Fabrics of the XIX-XX cc

The collection includes the fabrics produced in silk-weaving centers of Central Asia such as Bukhara, Kitab, Qarshi, Khodjent, Samarkand, Margilan, and Kokand. Besides, there are several kinds of fabrics brought from India, China, Russia, and other European countries. The samples of hand-made fabrics, mainly silk, semi-silk, and cotton, are represented by shohi, beqasam, adras, alocha, bakhmal, gulbosma, qalami fabrics as well as block-prints.

Adras. Bukhara XIX cc.   Bahmal. Bukhara XIX cc.   Shohi. Bukhara XIX cc.


Clothes collection

Women’s, men’s and children’s clothes such as kuylak, kaltacha, parandja, chachvan, lozimi, robes, gowns, and pants (19th – 20th cc.) made of shohi, podshohi, kundal, adras, bakhmal, and khon-atlas, the famous Bukharan silk, semi-silk, cotton, and velvet fabrics.

Decorative – Applied Art

The applied art collection has 2,420 articles. The collection mainly includes the belongings left after the Bukharan emir. These are crockery items, furniture, and jewelry artifacts.

The most impressive is the collection of the jewelry artifacts such as the golden plate and earrings (2nd c. BC) found in the burial mounds of the Bukhara region. There are great quantities of women’s and men’s jewelry articles of the 19th- 20th centuries.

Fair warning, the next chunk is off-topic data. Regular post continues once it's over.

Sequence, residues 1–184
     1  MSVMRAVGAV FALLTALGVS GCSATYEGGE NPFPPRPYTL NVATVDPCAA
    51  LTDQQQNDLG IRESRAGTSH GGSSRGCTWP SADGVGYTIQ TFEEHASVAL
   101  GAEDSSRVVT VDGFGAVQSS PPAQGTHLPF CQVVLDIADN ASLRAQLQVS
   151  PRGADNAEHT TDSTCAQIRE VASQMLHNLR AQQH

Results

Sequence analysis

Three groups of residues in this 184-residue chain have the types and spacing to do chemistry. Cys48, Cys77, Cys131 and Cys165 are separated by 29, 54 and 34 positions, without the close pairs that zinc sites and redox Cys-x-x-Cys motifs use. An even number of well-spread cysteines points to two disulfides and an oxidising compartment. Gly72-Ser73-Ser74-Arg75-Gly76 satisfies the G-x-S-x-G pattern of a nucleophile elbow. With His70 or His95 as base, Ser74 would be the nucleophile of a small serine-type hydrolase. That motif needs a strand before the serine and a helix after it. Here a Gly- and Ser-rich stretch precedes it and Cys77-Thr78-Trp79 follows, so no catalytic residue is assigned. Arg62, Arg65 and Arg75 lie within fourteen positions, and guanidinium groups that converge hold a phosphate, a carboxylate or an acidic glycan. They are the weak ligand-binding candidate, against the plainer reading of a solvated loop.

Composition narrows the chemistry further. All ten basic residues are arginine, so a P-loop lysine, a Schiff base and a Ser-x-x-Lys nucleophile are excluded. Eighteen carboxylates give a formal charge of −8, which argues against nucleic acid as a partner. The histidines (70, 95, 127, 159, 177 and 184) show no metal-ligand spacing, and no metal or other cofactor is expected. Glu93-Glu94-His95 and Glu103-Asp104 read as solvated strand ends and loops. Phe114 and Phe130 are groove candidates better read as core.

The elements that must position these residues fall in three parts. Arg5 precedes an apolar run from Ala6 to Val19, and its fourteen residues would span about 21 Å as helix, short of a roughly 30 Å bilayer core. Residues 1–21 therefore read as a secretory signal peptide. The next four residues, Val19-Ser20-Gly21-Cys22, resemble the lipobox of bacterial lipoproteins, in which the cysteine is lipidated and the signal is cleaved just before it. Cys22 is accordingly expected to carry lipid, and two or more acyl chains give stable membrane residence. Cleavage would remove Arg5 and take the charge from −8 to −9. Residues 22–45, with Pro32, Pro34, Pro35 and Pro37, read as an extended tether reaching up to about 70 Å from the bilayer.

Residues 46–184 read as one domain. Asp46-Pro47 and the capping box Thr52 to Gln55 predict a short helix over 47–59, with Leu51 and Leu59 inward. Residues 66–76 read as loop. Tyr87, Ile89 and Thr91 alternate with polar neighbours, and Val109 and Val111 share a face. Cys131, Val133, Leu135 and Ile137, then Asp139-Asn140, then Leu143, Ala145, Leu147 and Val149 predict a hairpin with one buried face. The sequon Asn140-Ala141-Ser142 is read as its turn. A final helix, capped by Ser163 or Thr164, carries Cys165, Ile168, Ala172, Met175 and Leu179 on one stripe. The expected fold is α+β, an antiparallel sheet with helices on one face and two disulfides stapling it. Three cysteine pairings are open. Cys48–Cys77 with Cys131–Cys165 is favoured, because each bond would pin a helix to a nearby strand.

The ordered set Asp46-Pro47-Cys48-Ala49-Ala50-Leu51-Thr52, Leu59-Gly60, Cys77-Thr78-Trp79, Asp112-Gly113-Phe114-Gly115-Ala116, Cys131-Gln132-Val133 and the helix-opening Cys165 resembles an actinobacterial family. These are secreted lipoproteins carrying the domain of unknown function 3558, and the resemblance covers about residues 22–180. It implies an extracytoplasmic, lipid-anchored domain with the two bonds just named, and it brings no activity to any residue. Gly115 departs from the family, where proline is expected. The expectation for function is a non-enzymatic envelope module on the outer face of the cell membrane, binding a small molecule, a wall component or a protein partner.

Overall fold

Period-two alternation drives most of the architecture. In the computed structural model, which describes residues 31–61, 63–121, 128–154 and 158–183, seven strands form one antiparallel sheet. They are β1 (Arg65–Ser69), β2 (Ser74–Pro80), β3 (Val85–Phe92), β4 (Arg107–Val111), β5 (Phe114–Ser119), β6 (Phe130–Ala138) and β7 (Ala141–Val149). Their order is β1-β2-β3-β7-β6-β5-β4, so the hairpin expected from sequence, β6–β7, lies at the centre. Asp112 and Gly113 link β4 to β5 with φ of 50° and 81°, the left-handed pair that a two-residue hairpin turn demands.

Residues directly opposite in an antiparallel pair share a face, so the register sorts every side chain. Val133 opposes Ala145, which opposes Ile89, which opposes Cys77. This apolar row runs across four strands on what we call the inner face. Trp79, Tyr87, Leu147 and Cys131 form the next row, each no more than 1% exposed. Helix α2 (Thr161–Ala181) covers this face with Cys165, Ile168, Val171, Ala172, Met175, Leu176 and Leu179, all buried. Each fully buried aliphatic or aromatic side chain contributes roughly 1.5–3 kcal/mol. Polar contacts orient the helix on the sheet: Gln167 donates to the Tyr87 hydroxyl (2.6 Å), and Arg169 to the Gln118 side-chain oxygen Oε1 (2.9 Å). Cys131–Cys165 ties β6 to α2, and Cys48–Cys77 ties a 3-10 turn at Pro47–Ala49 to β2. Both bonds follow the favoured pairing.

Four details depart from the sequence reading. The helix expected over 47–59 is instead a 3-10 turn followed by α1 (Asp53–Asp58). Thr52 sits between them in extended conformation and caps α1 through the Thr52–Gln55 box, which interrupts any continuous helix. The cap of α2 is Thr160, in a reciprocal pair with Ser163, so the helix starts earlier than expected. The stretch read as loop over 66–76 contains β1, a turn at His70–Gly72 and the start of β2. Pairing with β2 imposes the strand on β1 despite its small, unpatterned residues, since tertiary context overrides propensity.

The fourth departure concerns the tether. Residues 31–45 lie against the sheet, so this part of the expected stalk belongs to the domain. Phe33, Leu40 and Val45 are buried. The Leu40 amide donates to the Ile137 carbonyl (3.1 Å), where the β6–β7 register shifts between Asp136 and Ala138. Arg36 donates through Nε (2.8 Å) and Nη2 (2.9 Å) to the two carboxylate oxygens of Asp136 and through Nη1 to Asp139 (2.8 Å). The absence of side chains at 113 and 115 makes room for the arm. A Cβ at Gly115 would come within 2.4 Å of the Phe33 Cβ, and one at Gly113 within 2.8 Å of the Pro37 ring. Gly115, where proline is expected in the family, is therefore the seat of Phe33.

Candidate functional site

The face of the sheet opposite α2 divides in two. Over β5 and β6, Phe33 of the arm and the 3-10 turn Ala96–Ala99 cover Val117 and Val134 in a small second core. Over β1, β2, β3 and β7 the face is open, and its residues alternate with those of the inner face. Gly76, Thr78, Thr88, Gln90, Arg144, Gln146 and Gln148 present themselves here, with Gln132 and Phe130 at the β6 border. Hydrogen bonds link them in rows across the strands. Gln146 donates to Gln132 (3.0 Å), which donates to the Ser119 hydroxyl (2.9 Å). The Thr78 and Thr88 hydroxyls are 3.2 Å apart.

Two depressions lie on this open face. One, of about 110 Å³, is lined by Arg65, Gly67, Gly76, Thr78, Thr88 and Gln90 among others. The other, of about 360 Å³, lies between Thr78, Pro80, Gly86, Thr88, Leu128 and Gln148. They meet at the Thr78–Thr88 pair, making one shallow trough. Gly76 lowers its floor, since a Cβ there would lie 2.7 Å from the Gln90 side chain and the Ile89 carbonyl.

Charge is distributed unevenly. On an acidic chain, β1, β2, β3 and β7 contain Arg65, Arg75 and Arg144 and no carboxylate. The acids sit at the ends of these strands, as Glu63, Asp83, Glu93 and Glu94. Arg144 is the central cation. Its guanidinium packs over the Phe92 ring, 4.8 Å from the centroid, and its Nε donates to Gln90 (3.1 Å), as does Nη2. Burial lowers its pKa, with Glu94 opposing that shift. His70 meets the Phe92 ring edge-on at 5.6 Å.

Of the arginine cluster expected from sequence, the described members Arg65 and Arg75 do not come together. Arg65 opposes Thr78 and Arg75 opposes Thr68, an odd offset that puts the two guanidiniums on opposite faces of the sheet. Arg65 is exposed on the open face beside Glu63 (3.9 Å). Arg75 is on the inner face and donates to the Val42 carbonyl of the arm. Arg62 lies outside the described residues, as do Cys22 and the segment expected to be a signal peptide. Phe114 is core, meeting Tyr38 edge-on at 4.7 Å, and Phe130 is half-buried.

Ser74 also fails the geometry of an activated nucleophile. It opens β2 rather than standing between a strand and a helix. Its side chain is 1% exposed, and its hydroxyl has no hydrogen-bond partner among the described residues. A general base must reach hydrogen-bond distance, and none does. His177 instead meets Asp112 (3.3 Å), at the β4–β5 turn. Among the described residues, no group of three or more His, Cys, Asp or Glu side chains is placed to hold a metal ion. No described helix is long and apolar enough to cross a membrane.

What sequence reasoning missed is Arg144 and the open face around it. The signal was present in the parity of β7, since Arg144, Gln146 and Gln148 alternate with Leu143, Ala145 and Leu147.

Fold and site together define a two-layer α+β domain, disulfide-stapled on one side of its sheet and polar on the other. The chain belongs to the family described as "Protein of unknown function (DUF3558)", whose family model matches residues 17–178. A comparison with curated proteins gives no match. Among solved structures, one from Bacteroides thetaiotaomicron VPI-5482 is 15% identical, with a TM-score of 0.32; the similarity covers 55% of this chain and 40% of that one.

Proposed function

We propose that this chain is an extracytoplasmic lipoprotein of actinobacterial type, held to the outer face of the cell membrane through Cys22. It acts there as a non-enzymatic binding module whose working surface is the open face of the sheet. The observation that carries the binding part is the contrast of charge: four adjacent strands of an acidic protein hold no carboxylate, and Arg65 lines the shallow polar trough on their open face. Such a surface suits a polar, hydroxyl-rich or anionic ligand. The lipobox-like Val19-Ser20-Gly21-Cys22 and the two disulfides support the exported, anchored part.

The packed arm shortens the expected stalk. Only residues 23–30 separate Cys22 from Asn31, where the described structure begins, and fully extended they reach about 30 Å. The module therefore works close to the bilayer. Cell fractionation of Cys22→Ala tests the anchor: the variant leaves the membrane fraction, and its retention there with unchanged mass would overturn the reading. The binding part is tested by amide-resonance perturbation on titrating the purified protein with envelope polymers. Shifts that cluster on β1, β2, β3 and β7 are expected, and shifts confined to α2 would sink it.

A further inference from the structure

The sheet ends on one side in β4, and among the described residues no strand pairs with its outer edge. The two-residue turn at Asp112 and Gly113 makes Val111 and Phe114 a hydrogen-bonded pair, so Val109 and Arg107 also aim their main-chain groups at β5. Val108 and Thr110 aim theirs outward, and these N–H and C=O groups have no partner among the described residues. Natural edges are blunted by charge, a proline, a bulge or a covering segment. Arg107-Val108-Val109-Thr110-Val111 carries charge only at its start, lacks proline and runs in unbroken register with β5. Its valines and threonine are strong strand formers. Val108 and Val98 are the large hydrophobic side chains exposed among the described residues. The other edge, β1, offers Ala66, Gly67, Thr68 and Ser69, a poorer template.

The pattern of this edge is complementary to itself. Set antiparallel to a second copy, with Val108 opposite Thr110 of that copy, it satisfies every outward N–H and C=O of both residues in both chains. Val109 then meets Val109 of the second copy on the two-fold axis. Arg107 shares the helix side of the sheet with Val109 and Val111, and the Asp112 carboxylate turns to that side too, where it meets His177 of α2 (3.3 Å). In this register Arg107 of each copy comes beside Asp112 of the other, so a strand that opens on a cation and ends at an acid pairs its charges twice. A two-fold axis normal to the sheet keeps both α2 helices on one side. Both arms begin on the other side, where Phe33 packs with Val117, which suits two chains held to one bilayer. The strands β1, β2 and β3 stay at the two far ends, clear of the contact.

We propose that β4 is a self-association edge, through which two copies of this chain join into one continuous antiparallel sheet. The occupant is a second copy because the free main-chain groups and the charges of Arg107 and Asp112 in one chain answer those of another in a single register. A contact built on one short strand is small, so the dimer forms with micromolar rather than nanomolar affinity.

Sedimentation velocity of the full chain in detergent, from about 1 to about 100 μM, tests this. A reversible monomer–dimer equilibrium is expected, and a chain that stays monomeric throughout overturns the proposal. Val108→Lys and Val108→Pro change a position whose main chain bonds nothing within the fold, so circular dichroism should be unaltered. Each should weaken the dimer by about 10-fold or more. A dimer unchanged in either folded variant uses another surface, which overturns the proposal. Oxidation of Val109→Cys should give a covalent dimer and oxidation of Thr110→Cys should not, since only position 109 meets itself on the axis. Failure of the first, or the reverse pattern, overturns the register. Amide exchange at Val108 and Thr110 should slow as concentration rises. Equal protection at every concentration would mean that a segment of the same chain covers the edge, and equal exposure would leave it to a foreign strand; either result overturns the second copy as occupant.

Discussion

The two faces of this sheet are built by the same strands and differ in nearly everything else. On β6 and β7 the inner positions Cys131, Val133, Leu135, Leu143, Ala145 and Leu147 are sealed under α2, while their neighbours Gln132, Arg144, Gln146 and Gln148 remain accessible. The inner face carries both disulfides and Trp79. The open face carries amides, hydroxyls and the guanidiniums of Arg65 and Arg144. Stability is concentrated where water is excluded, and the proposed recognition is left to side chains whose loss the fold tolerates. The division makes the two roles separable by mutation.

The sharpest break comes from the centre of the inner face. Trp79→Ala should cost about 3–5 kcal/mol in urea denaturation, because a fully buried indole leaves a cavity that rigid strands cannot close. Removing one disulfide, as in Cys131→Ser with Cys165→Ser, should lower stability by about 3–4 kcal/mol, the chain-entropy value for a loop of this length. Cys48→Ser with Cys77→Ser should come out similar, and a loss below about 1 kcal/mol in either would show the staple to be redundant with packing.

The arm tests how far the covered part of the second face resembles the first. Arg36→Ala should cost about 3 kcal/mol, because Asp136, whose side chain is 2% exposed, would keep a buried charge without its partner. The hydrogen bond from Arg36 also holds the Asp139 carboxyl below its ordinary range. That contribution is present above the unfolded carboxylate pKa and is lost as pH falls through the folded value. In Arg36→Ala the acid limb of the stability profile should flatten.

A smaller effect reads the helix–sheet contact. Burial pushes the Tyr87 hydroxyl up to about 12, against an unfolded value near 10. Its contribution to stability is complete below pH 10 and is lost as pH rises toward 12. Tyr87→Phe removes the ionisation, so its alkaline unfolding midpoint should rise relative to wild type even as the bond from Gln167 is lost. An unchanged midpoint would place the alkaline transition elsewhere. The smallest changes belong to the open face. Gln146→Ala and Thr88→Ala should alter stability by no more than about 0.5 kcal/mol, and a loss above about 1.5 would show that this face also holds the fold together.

The museum has spectacular collection of silver dishes such as the tea- and dinnerwares, wineglasses, and cases for the Koran.


The collection of archaeological objects is divided into 67 collections. It consists of 10, 523 items. Of those 489 are related to the Neolithic- (the Darbazakir settlement, the 5th -3rd cc. BC) and 57 to the Bronze Ages (the Zamon-bobo settlement, the 3rd -2nd cc. BC).

Archeology collection

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Numismatic collection has 19,162 items. The formation of the collection dates back to the 1920s. The collection primarily consists of the coins excavated in the territory of Bukhara and its suburbs. It, too, includes the coins, banknotes, medals, and badges collected by the museum’s staff. The collection is represented by the coins of the pre-Islamic period (3rd c. BC and early 7th c. AD) such as the Greek-Baktrian coins (3rd – 2nd cc.), the coins of the Kushan empire (1st c. AD), and Bukharkhudats (6th – 9th cc.).


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